Each Friday, Furniture News puts five questions to a selected industry professional to explore their background and approach to business. Today, it's the turn of Jim Harrower, commercial manager of Dormeo UK …
How did you get into the trade?
I was working for a company called Unilock in Hastings, and received a call from a headhunter, recruiting for an MD for Sealy beds in Aspatria, Cumbria.
All I remember from that initial conversation is they kept telling me that Sealy was in a most attractive part of the country, called the North Lakes. After saying I was interested, a quick look on my map – no Google then – later told me otherwise. North Lakes? How about South Scotland?!
What was the turning point in your career?
Very early on I did a U-turn. Having studied Mechanical Engineering at university, my first position in industry was supposed to be in the production department of a Unilever subsidiary business, making decorative vinyl wallcoverings – wallpaper to you and I.
However, when I arrived as a new boy I was seconded to the marketing department, as they were short of ‘gophers’, and I never went back to the production side. I still remember being asked to put together a sales promotion after only a few weeks. I was sensible enough to ask one of the more experienced sales people what kind of things would they like to see in a sales promotion … luckily, he didn’t say 50% off the prices.
How will the industry evolve?
I joined Sealy in 2000, and was told the independent bed and furniture retailer would go the same way as grocery independents had gone in the 80s and 90s – that the multiples were all-conquering. Thirteen years later, we have seen the demise of Courts, Furnitureland, MFI, Allders, Allied, Sleep Depot, Rosebys and Land of Leather, and very recently Dreams, to name but a few – not too many independents in there!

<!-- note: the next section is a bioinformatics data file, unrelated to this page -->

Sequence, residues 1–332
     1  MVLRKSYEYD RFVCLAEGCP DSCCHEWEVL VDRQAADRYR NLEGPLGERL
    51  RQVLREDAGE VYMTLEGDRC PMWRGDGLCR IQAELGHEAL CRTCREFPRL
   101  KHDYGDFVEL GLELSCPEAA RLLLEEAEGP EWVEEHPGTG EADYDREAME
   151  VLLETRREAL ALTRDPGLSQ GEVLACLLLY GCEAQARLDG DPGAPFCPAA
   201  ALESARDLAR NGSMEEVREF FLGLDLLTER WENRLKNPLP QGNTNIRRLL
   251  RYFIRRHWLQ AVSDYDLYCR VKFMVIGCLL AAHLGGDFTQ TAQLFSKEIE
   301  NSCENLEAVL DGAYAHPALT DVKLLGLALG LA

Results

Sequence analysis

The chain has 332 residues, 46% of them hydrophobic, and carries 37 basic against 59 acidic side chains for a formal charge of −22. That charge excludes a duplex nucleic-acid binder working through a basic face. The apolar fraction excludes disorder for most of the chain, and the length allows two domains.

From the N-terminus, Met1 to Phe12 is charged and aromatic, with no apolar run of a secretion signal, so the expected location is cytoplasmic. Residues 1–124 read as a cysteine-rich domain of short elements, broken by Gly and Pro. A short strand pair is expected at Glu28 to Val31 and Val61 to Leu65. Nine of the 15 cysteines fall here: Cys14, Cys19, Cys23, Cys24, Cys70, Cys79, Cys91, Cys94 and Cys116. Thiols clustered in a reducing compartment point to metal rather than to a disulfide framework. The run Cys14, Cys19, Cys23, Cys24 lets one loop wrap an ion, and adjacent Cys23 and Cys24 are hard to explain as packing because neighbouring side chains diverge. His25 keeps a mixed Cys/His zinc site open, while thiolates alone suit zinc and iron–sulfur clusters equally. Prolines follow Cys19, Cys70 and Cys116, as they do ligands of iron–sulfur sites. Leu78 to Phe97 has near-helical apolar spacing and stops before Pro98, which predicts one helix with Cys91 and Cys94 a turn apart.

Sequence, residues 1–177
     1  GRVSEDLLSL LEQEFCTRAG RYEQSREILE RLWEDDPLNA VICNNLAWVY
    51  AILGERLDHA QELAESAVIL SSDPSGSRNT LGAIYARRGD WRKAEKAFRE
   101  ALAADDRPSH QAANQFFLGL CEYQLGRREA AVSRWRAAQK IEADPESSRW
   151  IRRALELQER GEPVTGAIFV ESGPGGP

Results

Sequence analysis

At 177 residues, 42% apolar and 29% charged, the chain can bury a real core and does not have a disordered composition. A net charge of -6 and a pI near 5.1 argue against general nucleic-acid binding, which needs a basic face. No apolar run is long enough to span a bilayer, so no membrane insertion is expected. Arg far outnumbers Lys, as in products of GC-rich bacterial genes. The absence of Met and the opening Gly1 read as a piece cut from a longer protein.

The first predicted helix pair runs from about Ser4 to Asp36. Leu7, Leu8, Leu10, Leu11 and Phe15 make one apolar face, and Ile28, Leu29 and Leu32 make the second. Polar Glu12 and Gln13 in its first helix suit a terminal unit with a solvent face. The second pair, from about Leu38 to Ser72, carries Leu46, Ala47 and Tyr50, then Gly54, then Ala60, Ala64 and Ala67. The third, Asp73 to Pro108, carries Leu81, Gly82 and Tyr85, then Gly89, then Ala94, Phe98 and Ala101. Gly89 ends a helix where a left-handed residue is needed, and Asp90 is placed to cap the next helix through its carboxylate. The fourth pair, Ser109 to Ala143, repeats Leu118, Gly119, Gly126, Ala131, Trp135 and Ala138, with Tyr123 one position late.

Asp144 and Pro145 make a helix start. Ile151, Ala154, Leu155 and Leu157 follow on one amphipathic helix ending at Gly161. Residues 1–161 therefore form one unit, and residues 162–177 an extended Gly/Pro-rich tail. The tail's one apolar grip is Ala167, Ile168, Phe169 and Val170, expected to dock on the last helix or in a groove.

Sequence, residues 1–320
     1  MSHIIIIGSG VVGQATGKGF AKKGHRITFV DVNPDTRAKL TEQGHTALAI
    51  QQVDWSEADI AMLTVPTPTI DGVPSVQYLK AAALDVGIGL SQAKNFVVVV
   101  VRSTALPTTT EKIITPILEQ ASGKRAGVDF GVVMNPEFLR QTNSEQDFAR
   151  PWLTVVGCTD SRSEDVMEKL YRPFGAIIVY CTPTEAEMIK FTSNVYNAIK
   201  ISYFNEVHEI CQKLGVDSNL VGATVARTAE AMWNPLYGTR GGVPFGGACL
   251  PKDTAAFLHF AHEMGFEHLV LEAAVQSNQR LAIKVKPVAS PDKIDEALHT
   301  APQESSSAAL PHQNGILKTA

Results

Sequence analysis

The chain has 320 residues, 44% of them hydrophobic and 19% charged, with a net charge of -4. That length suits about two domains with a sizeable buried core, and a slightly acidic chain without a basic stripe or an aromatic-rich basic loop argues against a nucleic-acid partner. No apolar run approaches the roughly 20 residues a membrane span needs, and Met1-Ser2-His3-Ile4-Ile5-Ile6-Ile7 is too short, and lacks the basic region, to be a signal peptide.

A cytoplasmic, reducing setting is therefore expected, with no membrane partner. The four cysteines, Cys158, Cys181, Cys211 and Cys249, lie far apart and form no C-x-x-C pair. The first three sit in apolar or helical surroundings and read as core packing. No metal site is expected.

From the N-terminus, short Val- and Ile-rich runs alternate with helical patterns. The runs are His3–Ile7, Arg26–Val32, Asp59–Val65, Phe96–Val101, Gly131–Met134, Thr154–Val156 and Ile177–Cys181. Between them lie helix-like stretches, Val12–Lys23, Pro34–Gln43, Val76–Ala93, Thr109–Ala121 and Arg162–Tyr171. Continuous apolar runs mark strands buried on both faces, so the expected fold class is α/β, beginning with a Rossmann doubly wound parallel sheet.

A good independent, well focused on what they need to offer the consumer – eg service, choice, product information and value for money – will continue to thrive.
The retailer that embraces the internet will prosper, because the continued growth of this sales channel is as certain as death and taxes. I may be showing my age when I say that I would hope consumers will favour retailers with both a presence on the high street as well as an active internet site – although the internet-only ‘e-tailer’ may disagree with my view. I just feel that face-to-face interaction with consumers is part of the fun – and frustration – of retailing.
How can retailers increase sales and profitability?
The first step in doing this is to get people in your store. The traditional local press advertising still has some benefit, but advertising via internet and social media are key to getting your name in front of the consumer. Once they are in the store, please ensure you have sales staff that don’t welcome you with that wonderful line: “Can I help you at all?”
What brings a smile to your face in this industry?
The smile (or is it a grimace?) has got to come from dealing with consumers. For example: “Dear Mr Bed Manufacturer, it may look as if my dog had been sleeping on the bed, and the marks you claim are footprints over the mattress are really just pixie dust, and although I’ve slept soundly and used the bed continuously over Christmas and New Year … I now want to return it, as it’s not my colour!”
This is an extract from an article published previously in Furniture News magazine. For more stories like this, you can subscribe to receive a regular physical copy of the magazine, or sign up to have a free digital issue delivered to your inbox each month.